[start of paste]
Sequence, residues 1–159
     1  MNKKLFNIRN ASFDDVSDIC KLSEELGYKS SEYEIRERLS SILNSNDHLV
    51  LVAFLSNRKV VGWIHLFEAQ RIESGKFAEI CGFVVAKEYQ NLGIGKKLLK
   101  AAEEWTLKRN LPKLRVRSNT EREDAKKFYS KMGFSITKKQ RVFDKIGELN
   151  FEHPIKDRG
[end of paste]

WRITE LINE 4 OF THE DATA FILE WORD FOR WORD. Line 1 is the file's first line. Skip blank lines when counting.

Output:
   101  AAEEWTLKRN LPKLRVRSNT EREDAKKFYS KMGFSITKKQ RVFDKIGELN